Released alongside the original Sony A7 series, the FE 70-200mm f/4 G OSS was for many years the only telephoto zoom lens option available for the FE mount. The FE 70-200mm f/4 G OSS is very well built yet lightweight, very sharp and has a good focusing system. Compared to the FE 70-300mm f/4.5-5.6 G OSS, it features better sharpness in the corners, a one-stop aperture advantage and offers a slightly better build quality. Nonetheless, the loss of 100mm at the telephoto end is a big deal and while the two lenses share a similar price point I find that they are not genuinely comparable, with FE 70-200mm f/4 G a more landscape and street photography oriented lens whereas the FE 70-300mm f/4.5-5.6 G proves the better all-around nature and travel photography lens.
Another possible comparison for the FE 70-300mm f/4.5-5G OSS is the much pricier Sony FE 100-400mm f/4.5-5.6 GM lens. As part of Sony’s G-master lens lineup, the FE 100-400mm f/4.5-5.6 GM lens offers an excellent build quality, excellent overall sharpness a, and a very strong focusing performance. While the FE 70-300mm f/4.5-5.6 G OSS delivers good image quality, the two lenses aren’t truly comparable in this regard as the FE 100-400mm f/4.5-5.6 GM delivers one of the best sharpness performances at the 300mm focal length setting of any of the f/5.6 max aperture telephoto zoom lenses currently on the market. The G-Master lens also features a better build quality, handling and focusing performance. If you can afford it, the FE 100-400mm f/4.5-5.6 GM is an excellent lens that outperforms the FE 70-300mm f/4.5-5.6 G OSS in almost every way. In the FE 70-300mm f/4.5-5.6 G OSS favor is its noticeably smaller size and weight compared to the FE 100-400mm GM lens which makes it a lot easier to fit into smaller camera bags and to carry around all day.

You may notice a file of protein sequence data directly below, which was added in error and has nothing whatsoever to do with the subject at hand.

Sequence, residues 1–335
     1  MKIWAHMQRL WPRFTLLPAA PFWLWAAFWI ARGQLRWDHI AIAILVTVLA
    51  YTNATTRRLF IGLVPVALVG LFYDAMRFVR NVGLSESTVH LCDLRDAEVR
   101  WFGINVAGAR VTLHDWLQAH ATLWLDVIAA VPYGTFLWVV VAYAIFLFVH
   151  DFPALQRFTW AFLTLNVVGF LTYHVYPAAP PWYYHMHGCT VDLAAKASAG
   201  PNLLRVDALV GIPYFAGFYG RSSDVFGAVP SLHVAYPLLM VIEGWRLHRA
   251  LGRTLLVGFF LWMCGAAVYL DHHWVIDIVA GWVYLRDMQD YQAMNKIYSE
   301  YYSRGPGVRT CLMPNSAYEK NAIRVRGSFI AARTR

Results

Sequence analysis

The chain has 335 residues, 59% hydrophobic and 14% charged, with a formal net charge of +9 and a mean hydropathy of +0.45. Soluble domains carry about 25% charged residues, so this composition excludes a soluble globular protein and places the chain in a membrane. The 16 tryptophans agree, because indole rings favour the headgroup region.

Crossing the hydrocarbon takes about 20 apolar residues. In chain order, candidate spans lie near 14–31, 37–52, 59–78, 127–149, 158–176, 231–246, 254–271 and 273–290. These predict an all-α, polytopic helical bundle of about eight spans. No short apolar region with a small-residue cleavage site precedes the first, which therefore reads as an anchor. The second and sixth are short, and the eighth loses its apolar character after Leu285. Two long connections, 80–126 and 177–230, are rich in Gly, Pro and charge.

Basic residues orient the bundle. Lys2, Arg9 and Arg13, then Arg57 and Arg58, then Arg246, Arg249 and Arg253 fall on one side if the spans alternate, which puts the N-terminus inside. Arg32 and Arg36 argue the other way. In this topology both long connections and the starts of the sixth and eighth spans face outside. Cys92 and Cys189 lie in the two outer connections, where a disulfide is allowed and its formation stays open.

The Sony FE 70-300mm f/4.5-5.6 G OSS fills an important gap in Sony’s FE lineup as it offers a high-quality mainstream telephoto-zoom lens option at a relatively approachable price tag. At $1198, the FE 70-300mm f/4.5-5.6 G OSS isn’t exactly inexpensive but optically it’s several leagues ahead of your average consumer grade 70-300mm lens.
It isn’t capable of the same corner to corner sharpness as the twice as expensive Sony 100-400mm GM lens but it’s plenty sharp in the center of the frame and the corners aren’t all that bad just one stop down. Sharpness remains at a high level in the center of the frame at the all-important 300mm setting though stopping down to f/8 improves things markedly. The lens is also highly resistant to chromatic aberrations, offers a relatively pleasant bokeh and is solidly constructed. Overall, there is little doubt that the Sony FE 70-300mm f/4.5-5.6 G OSS is a good performer, and though it’s a little pricey for a relatively slow 70-300mm lens, it nonetheless remains an attractive option in Sony’s FE lineup.